By Tim Rosaforte at golfchannel.com on July 28, 2018.
The last time I talked to Bruce Lietzke was almost 14 months ago. He was in good spirits considering his diagnosis. Glioblastoma is a death sentence that very few beat.
Lietzke called it “a bolt of lightning” when we spoke last June, a cancer that shows up for no reason. On Saturday morning it took his life, and the golf world reacted with sorrow and backstories that illustrated how Lietzke, 67 at the time of his death, was one of the most personable and technically efficient touring pros in the history of the game.
During his offseason, Lietzke put away his clubs and replaced them with tools to work on his muscle cars. His favorite ride was a 1967 Corvette with a 466-cubic-inch engine.
It is a true story that his caddie put a banana under the head cover of his driver going into one offseason, knowing when the clubs came out again, so would the banana.
Lietzke lived on a farm in north Texas but never considered using some of the 625 acres to build a couple golf holes – not one blade of grass.
“It’s water and pastures and no golf holes,” he said after climbing down from his tractor to take my call. The last time he remembered hitting a golf ball was his last PGA Tour Champions event in 2011. In seven years he hadn’t done an exhibition. Instead of “fishing” as special interest, Lietzke more accurately listed “serious fishing.”
As friend Curtis Strange said in a Twitter post on Saturday, “We hunted, we fished, but most importantly we all laughed with Leaky.”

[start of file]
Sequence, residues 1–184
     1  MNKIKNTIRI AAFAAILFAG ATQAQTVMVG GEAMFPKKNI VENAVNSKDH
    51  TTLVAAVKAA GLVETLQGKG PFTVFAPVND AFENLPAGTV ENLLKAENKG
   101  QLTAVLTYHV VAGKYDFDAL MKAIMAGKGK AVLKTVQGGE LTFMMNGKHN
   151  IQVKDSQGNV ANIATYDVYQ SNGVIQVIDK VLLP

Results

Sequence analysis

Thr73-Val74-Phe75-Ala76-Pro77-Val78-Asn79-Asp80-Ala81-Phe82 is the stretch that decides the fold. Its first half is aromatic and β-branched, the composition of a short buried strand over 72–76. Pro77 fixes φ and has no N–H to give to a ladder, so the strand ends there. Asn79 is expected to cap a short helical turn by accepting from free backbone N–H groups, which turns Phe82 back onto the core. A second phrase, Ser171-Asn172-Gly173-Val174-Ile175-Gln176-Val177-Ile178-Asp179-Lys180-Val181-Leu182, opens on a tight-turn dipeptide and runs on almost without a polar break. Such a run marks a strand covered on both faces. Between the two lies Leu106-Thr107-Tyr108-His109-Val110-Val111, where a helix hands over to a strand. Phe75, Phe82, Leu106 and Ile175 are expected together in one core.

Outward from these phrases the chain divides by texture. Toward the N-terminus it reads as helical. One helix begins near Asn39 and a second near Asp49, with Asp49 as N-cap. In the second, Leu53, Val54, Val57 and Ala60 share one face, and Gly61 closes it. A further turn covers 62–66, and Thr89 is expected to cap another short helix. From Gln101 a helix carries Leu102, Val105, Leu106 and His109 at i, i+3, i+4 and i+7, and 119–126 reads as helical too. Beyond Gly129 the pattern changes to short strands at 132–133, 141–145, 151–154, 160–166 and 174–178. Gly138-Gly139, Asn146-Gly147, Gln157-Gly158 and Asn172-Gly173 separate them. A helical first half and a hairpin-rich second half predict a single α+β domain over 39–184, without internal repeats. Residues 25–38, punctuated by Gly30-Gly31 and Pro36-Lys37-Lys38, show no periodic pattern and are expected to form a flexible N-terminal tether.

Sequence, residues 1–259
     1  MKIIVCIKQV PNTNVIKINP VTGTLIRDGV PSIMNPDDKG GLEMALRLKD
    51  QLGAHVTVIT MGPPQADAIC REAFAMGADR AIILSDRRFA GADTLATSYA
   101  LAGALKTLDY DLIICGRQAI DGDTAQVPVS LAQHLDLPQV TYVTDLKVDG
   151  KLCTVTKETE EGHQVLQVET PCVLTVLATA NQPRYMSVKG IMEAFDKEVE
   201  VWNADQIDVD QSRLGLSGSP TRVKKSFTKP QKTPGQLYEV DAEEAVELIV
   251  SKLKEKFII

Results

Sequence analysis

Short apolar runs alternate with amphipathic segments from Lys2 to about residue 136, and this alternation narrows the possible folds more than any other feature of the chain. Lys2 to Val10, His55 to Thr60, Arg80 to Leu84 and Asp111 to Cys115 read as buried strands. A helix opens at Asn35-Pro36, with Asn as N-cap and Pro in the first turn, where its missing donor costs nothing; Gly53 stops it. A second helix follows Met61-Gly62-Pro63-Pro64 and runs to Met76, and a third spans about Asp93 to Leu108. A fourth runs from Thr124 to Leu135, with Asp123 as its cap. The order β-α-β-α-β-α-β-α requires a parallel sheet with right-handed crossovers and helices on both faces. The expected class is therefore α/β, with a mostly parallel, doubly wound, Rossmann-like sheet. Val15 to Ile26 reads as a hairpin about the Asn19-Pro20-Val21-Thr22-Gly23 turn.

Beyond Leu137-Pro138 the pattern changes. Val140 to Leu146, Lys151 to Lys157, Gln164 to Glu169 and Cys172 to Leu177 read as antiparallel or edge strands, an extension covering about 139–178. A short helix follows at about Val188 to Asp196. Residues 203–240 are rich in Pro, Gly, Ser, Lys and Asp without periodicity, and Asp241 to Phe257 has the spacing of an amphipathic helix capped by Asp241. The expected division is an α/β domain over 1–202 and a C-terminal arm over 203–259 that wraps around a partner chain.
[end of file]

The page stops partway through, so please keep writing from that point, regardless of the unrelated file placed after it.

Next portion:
As his career unfolded, Lietzke gradually decreased the number of events he played. Yet in what close friend Bill Rogers described as a part-time job, he was able to consistently carve the ball from left to right.
On Twitter, Golf Channel’s Brandel Chambree compared Lietzke to Ben Hogan as two men who knew how to hit a fade. The difference was their work habits.
Lietzke wasn’t a grinder. He was a natural. And, as sports psychologist and author Kapil Gupta once wrote, he focused on maintaining that skill.
“I read the transcript of an interview with Mr. Lietzke in which I came across one of the most interesting statements I have ever heard from a professional athlete,” Gupta wrote. “He said, ‘It’s human nature to want to be better. I don’t want to be better. I want to be exactly like I was yesterday.’ ”
To the very end, Lietzke tried to remain positive. He came from the generation of Rogers, Strange, Andy Bean, Corey Pavin, Raymond Floyd, Hal Sutton, Tom Kite, Tom Watson, Ben Crenshaw, Lanny Wadkins and Jerry Pate, so his13 career wins and seven on the PGA Tour Champions didn’t come easy.
A year ago, Rogers, Crenshaw and Pate paid a visit prior to Lietzke’s first four-hour operation at the University of Texas Southwest Medical Center to tell stories. Before he was rolled in for surgery, Lietzke worried that his friends’ laughter would have them removed from hospital. Rogers was roommates with Lietzke in the early seventies at the University of Houston, and visited his friend 10 days ago, knowing it would be the last time they communicated.
Bruce and his wife, Rose, went into the darkest hours together shedding tears and saying long prayers. They were married 38 years.
A service is planned based around the travel time of his friends getting home from the Senior Open at St. Andrews.
“Today was a day full of celebrating one who did it about as good as you could do it,” Rogers said. “He did it good. He led a great life and he finished strong in regards to how he fought the disease. Now he can rest in heaven. Sure in that, we are.”